In real life, engineers are brilliant and dedicated individuals who work together with tradespeople to accomplish some of the technological marvels of the modern world. Historically, these are the people who built the pyramids, the boats that brought Europeans to the new world, and the spaceships that took mankind to the moon and back. In World of Warcraft, engineers are a bunch of goofy characters who speak in childishly high voices and have a tendency to blow themselves up by accident in humorous ways. Anyone else sense that whoever did the concept art at Blizzard for gnomish and goblin engineers flunked out of engineering?

Anyways, while engineering is an amazing profession for certain parts of the game, it's dead last when it comes to making money. There are only really a few things engineers can do to make cash.


Wryxian
In general, we want Engineering to remain a tradeskill mainly focused on creating fun or useful gadgets for the engineer, but we are exploring options for items that can be sold to other players for profit.


This quote was from the Cataclysm profession preview we posted about earlier. Engineering is currently barely ahead of farming in terms of income potential, and it's nice to see that Blizzard acknowledges this and might fix it.

Not all hope is lost, though. A savvy player can eak out a living if they focus on the right markets. First off, the elephant in the room: selling epic ammo.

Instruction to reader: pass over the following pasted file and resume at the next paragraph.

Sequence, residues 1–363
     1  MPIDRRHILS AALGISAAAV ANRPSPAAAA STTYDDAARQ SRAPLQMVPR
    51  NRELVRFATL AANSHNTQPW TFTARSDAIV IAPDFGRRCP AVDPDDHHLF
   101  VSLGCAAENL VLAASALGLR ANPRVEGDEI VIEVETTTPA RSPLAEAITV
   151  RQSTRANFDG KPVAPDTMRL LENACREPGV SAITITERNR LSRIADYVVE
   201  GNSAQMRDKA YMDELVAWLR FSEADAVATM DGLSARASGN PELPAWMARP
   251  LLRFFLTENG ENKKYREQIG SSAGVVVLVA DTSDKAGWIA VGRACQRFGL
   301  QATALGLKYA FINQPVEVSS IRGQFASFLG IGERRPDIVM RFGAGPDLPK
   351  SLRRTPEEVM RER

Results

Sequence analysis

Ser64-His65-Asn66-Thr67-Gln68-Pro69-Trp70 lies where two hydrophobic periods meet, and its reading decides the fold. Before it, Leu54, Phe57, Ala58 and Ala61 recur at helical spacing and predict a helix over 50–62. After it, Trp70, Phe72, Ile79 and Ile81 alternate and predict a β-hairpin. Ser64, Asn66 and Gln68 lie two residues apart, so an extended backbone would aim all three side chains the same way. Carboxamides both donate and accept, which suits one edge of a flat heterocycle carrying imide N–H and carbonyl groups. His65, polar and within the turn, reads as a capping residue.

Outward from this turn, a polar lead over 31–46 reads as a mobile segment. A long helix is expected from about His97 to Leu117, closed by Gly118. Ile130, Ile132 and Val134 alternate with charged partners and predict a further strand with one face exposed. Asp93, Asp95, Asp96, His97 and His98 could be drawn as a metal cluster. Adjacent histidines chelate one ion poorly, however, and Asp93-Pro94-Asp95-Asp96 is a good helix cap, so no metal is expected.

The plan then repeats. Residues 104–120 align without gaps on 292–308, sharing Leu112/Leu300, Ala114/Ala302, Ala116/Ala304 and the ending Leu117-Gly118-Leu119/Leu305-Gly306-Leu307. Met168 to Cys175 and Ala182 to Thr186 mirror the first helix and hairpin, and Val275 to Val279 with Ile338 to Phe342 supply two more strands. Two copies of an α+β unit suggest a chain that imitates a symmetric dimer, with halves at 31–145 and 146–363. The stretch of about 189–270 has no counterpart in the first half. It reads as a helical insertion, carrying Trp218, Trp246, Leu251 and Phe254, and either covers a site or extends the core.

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Filed under: Economy, Wrath of the Lich King, Gold Capped

WoW Rookie: Questing 101

New around here? WoW Rookie points WoW's newest players toward the basics of a good start. See all our collected tips, tricks and how-to's in the WoW Rookie Guide.

The game begins at level 80. While there's a strong case to be made for this idea, there's no denying that quests are the meat and potatoes of World of Warcraft. WoW's massive web of quests propel its story line, overall game play and leveling experience. Over the years, Blizzard has adjusted leveling content to be faster and easier than ever before. Oddly enough, while it's fun to watch the levels fly by, the ease of leveling can make getting a handle on how to manage the never-ending flow of quests tricky to pin down.

Fortunately, today's new players have more quest management tools than ever at their disposal. Quest addons and an in-game quest tracking feature take the guesswork out of finding and completing quest objectives. For some players, these aids are a godsend. Here at WoW Rookie, we recommend that first-timers level without too many extra bells and whistles. We suspect you'll enjoy solving the puzzles and tactics more on your own (you can always turn to a site like Wowhead for tips if you're really stuck), and you'll build your skills in navigation, game systems and conventions, WoW lore and so much more if you put the pieces together for yourself.

That doesn't mean we don't have plenty of tips on how to make that process more enjoyable. Following the lead of our fantastic Class 101 series for fresh level 80 players, welcome to Questing 101.